- Created on Tuesday, 23 October 2012 09:15
- Written by NAPSI
Detroit, Michigan (NAPSI) - The Dow Chemical Company is opposing Proposal 3, the renewable energy constitutional amendment on the Michigan ballot on November 6. A recognized, global leader in sustainable energy use, conservation and the development of advanced energy solutions, the Midland-based manufacturer is concerned the proposed amendment is misguided in approach, focus and cost.
The company is opposed to Proposal 3 because it is narrowly focused on the use of renewable resources for electricity generation and will drive up utility costs. Data suggests the cost of compliance could reach more than $10 billion, which would be passed on to electricity consumers.
“Michiganalready has the highest utility rates in the Midwest, which is a barrier to attracting new manufacturing toMichiganto create jobs the state so desperately needs and to pursue the innovations that will lead to a sustainable energy future,” said Rich Wells, vice president and site director of Michigan Operations for Dow. “Proposal 3 will significantly increase the cost of electricity even further forMichiganresidents and businesses large and small.”
He pointed out that as a supplier to the wind industry and a solar manufacturer, with a considerable stake in development of practical clean energy technologies, Dow is in a unique position to weigh the costs and benefits of the proposal. “Any gains these renewable markets may see from Proposal 3 would be significantly overshadowed by the higher energy costs it causes. Dow, like all residents ofMichigan, would suffer financially under Proposal 3,” Wells said.
Dow has been at the forefront of advocating for a national comprehensive energy policy that supports stable energy supplies and costs, leads to innovation and sustainable solutions, strengthens economic growth and increases competitiveness. Wells said Proposal 3 falls far short of the type of comprehensive approach needed to secure a sustainable energy future forMichigan.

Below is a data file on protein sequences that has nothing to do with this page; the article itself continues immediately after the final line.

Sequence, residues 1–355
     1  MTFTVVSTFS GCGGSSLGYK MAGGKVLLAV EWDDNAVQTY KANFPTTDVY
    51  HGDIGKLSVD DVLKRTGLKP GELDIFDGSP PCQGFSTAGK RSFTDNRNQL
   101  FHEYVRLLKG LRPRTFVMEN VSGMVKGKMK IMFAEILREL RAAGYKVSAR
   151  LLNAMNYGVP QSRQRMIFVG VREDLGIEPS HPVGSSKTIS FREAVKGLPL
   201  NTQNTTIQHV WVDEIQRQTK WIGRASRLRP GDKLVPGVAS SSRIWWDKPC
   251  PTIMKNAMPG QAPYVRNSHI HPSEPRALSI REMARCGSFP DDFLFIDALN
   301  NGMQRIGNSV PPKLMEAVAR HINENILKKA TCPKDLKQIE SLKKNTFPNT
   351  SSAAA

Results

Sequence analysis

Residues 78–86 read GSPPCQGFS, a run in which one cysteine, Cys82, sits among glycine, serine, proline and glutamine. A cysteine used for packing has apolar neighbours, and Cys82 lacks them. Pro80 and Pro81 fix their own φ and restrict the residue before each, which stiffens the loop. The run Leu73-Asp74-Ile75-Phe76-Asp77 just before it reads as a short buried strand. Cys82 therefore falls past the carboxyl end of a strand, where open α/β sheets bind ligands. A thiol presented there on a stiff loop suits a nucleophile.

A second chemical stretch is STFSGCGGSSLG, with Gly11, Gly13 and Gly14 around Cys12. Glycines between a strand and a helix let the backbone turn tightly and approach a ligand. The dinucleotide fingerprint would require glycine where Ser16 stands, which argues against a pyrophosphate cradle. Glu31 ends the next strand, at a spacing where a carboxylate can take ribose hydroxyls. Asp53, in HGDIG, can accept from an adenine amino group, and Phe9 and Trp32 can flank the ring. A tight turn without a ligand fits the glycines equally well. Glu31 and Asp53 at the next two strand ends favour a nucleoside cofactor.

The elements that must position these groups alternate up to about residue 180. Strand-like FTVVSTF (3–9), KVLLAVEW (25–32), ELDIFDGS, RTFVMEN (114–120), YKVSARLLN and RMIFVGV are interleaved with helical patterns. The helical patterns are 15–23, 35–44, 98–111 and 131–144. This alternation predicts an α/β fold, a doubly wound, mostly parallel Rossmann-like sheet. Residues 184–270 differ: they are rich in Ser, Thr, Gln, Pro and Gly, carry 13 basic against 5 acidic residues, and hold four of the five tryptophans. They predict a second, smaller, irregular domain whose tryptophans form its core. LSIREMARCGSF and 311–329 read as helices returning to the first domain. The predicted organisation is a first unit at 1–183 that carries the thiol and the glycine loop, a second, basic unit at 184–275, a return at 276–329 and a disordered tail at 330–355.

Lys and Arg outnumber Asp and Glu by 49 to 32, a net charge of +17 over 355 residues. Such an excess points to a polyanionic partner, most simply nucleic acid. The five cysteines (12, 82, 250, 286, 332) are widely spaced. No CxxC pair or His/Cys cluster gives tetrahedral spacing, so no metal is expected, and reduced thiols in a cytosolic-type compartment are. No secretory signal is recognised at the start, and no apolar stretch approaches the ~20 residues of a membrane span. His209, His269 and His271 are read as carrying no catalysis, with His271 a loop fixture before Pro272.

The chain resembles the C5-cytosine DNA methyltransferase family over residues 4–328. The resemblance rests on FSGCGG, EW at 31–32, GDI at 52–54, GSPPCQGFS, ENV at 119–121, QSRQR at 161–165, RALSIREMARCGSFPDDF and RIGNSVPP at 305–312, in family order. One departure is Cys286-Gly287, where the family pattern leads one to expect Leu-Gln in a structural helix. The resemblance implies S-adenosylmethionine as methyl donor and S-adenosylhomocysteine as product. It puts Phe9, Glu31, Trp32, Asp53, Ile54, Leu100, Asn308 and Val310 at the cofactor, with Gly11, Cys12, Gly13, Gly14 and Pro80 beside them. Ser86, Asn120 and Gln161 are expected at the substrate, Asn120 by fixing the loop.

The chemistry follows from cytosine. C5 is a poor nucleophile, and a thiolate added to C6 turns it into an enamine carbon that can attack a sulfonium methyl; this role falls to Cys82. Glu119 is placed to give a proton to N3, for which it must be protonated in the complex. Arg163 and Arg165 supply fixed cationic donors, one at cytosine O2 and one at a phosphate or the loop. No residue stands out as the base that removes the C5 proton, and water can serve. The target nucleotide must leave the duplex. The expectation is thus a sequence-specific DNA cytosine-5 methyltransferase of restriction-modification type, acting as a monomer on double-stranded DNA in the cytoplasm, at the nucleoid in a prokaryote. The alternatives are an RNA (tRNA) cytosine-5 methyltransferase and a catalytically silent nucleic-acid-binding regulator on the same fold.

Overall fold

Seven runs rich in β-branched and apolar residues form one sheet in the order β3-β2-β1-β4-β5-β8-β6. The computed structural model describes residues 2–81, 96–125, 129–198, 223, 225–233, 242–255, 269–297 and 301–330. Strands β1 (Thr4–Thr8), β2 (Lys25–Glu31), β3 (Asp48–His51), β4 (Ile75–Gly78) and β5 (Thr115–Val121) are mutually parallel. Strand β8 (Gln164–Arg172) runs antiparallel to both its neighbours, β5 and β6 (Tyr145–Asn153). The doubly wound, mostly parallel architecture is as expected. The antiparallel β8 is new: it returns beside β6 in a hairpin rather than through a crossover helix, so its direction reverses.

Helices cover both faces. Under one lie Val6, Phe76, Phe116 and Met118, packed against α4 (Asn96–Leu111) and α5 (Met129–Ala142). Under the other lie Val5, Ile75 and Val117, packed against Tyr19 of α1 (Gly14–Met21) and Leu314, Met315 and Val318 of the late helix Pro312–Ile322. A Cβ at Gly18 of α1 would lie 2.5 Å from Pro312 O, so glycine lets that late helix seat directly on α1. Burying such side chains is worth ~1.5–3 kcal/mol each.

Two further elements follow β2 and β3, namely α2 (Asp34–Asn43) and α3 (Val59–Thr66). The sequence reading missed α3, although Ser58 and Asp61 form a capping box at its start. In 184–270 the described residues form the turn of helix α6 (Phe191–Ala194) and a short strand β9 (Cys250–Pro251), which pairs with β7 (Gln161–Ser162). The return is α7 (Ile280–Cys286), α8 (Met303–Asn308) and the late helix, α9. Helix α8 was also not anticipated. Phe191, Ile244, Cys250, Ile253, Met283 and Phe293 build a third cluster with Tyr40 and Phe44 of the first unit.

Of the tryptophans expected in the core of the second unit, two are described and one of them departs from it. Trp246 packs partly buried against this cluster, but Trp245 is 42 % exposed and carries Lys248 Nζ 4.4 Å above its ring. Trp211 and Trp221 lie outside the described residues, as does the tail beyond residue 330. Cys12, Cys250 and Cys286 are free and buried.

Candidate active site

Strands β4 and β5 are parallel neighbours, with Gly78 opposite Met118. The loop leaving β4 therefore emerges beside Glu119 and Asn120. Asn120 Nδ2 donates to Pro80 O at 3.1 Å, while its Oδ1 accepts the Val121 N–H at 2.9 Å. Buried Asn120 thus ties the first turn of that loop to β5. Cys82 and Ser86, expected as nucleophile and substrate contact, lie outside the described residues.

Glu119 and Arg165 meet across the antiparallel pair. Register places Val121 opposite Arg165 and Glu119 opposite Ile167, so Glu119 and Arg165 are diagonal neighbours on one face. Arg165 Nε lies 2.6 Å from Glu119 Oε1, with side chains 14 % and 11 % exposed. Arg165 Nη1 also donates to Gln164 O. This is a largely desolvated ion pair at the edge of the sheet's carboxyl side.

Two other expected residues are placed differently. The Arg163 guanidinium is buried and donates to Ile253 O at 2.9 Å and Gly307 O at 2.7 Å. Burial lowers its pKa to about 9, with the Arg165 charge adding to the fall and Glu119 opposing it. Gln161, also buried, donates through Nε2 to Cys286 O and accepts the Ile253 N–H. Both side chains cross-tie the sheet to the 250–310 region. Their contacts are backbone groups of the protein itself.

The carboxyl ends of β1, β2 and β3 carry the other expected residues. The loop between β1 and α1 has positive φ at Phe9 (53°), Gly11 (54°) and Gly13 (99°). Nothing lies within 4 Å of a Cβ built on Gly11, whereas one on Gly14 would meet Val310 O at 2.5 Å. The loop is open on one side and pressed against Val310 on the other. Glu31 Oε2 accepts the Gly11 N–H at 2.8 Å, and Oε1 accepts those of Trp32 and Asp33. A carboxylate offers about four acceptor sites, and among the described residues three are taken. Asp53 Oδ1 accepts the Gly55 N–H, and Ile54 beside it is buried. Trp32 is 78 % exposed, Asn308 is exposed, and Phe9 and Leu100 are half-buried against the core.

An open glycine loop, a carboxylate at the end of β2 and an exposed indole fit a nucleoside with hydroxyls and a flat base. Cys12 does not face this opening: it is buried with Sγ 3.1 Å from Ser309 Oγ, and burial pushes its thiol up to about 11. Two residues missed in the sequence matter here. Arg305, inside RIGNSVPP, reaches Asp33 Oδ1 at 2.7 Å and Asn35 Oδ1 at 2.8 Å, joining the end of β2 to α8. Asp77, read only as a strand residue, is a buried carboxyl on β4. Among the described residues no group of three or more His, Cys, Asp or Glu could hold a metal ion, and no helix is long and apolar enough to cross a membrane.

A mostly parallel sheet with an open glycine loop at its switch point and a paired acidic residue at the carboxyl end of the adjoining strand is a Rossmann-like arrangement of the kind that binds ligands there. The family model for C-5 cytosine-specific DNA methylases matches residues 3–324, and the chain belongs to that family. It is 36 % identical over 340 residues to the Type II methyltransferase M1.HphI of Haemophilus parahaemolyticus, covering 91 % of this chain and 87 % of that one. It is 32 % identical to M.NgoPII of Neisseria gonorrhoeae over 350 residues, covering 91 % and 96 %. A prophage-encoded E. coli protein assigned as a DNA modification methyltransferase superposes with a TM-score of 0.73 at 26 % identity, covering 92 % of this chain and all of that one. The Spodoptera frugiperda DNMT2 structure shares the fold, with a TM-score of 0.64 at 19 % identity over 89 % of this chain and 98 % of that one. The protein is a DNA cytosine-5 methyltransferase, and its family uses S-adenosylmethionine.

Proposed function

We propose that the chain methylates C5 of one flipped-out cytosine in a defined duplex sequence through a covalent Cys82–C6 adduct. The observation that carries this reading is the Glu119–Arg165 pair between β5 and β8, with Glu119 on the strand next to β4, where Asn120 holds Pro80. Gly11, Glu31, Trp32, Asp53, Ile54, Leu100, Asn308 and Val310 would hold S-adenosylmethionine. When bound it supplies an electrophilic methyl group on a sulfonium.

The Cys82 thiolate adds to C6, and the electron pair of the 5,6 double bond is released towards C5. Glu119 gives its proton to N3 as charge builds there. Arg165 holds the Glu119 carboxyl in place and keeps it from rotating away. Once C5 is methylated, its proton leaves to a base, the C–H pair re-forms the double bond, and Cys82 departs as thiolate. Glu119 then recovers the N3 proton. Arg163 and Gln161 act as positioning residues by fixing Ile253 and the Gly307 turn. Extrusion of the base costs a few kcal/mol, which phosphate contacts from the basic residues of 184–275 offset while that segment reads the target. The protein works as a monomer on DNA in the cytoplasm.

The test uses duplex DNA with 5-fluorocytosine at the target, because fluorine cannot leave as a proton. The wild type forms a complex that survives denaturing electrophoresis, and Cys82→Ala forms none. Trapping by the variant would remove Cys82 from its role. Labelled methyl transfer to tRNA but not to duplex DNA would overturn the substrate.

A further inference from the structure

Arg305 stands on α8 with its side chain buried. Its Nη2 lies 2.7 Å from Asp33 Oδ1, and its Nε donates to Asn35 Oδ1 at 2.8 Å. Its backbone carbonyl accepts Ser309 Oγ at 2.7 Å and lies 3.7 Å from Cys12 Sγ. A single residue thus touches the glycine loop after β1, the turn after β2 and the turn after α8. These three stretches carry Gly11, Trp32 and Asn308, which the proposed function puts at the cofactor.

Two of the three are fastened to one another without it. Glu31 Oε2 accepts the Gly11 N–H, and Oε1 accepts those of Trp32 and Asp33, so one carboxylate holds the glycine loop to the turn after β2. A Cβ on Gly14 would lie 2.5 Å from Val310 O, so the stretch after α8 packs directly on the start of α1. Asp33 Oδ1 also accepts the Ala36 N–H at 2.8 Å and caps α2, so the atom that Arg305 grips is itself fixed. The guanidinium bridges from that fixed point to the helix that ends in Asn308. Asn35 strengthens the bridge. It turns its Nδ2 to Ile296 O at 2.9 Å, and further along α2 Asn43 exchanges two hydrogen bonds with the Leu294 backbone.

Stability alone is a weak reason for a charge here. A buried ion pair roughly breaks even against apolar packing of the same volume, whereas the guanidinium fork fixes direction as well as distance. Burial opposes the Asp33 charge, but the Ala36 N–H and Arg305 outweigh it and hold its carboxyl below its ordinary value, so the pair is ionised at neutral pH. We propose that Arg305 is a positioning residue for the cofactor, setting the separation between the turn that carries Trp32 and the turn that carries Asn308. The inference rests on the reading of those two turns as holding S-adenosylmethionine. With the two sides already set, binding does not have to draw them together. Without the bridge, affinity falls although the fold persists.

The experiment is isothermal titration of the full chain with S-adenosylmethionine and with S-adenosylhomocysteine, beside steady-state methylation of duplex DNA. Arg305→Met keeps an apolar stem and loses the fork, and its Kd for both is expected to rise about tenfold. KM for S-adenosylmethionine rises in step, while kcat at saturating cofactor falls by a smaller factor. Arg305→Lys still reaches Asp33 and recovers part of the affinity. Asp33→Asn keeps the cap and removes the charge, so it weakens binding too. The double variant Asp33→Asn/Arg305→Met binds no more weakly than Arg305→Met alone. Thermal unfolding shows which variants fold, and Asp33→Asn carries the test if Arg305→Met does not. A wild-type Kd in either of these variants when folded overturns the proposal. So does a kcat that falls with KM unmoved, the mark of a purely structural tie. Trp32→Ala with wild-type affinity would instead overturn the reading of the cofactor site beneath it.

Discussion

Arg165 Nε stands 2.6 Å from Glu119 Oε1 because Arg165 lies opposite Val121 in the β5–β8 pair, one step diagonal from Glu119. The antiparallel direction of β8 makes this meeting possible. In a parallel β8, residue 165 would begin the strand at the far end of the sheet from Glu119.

“Solutions shouldn’t be restricted to a narrow definition of renewable energy, but rather encompass energy efficiency, energy storage, co-generation and energy recovery solutions,” Wells explained.
He noted that energy conservation is especially important.
“At Dow, we know firsthand the environmental and economic benefits of energy efficiency. Since 1990, Dow has reduced its energy intensity by 40 percent, saving roughly the equivalent of 11 years of energy consumption by every home inMichigan. Rather than costing us more money, these efforts have returned more than $24 billion of value to our company,” Wells said.
Dow also opposes the prospect ofMichigan’s constitution serving as a policy vehicle for select special interests.
“The state constitution is meant to address and solidify the basic rights ofMichigancitizens,” Wells explained. “Energy solutions are diverse and ever evolving, requiring the flexibility of legislative policy making to stay current. Without the flexibility to respond to new technologies and practices,Michigancould find itself falling farther behind other states in taking advantage of affordable, sustainable energy, which is the key to economic growth and prosperity.”
Dow is advocating for greater collaboration and flexibility than 3 would allow. The company proposal sums up the principles for transitioning to an economically viable, sustainable energy future as COAT: Conserving energy, Optimizing existing energy resources, Accelerating the development of new energy solutions and Transitioning to a successful low carbon economy.
“WhatMichiganneeds most is a comprehensive approach to energy policy where consumers, businesses and government embrace multiple solutions for clean, sustainable and cost-effective energy,” Wells said. “The state does not need a narrowly focused, rigid and costly state constitutional amendment. That’s why we’re askingMichiganvoters to vote no on Proposal 3.”